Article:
Laconia, New Hampshire

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Laconia, New Hampshire
Bird's-eye view, Laconia c. 1911
Bird's-eye view, Laconia c. 1911
Official seal of Laconia, New Hampshire
Motto: City on the Lakes
Location in Belknap County, New Hampshire
Location in Belknap County, New Hampshire
Coordinates: Lua error in Module:Coordinates at line 668: callParserFunction: function "#coordinates" was not found.
Country United States
State New Hampshire
County Belknap
Incorporated 1855
 • Type Council–manager government
 • Mayor Edward Engler
 • City Manager Scott Myers
 • City Council Ava Doyle
David Bownes
Henry D. Lipman
Brenda R. Baer
Robert A. Hamel
Armand Bolduc
 • Total 26.6 sq mi (68.8 km2)
 • Land 20.0 sq mi (51.9 km2)
 • Water 6.5 sq mi (16.9 km2)  24.54%
Elevation 502 ft (153 m)
Population (2010)
 • Total 15,951
 • Density 795/sq mi (307.1/km2)
Time zone Eastern (UTC-5)
 • Summer (DST) Eastern (UTC-4)
ZIP codes 03246, 03247, 03249
Area code(s) 603
FIPS code 33-40180
GNIS feature ID 0867917

Laconia is a city in Belknap County, New Hampshire, United States. The population was 15,951 at the 2010 census.[1] It is the county seat of Belknap County.[2] Laconia, situated between Lake Winnipesaukee and Winnisquam Lake, includes the villages of Lakeport and Weirs Beach. Each June for nine days beginning on the Saturday of the weekend before Father's Day and ending on Father's Day, the city hosts Laconia Motorcycle Week, also more simply known as 'bike week', one of the country's largest rallies, and each winter, the Laconia World Championship Sled Dog Derby. The city was also the site of the state's twenty-fifth annual Pumpkin Festival in 2015, having organized it after its former home of Keene rejected it due to riots in their neighborhoods the previous year.[3] The city also includes one of the colleges of the Community College System of New Hampshire.


Webster Square c. 1915

A large Abenaki Indian settlement called Acquadocton Village once existed at the point now known as The Weirs, named by colonists for fishing weirs discovered at the outlet of the Winnipesaukee River. Early explorers had hoped to follow the Piscataqua River north to Lake Champlain in search of the great lakes and rivers of Canada mentioned in Indian folklore. About 1652, the Endicott surveying party visited the area, an event commemorated by Endicott Rock, a local landmark. A fort would be built at Laconia in 1746. But ongoing hostilities between the English, French, and their respective Native American allies prevented settlement until 1761, after which it remained for many years a part of Meredith and Gilford called Meredith Bridge.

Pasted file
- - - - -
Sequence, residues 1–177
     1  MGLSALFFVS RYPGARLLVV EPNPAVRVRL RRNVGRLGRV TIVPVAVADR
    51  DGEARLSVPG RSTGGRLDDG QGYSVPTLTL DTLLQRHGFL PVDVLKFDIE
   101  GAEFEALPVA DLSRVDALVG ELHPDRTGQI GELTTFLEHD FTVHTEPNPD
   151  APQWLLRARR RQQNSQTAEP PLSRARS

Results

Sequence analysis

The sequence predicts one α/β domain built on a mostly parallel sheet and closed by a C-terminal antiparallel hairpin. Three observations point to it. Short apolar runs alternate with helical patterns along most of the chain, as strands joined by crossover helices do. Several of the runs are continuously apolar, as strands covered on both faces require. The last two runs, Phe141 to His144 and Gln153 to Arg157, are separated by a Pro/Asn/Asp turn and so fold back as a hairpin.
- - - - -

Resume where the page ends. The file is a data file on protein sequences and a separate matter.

Beginning in 1765, lumber and grist mills were established on Mill Street, with taverns built soon thereafter on Parade Street. About 1822, the courthouse was built, which would become county seat at the creation of Belknap County in 1840. In 1832, the Belknap Mill was built to manufacture textiles; largely unaltered, the structure is today a museum listed on the National Register of Historic Places and is the oldest, unaltered brick textile mill in the country.[citation needed] Local industry produced lumber, textiles, shoes, hosiery, knitting machinery and needles. But the city's largest employer would be the Laconia Car Company, builder of rail, trolley and subway cars. Started in 1848, it lasted until the 1930s. The railroad entered town in 1849, carrying both freight and an increasing number of summer tourists to popular Weirs Beach.

In 1855, Laconia was incorporated as a town from land in Meredith Bridge, Lakeport, Weirs and part of Gilmanton. The name was probably derived from the old Laconia Company, formed by Captain John Mason and the Masonian Proprietors to sell parcels of land during the colonial era. The Great Fire of 1860 destroyed most of Main Street from Mill to Water streets, followed by the Great Lakeport Fire of 1903, a blaze so fierce that fire companies were brought by train from as far away as Dover. Laconia was incorporated as a city in 1893.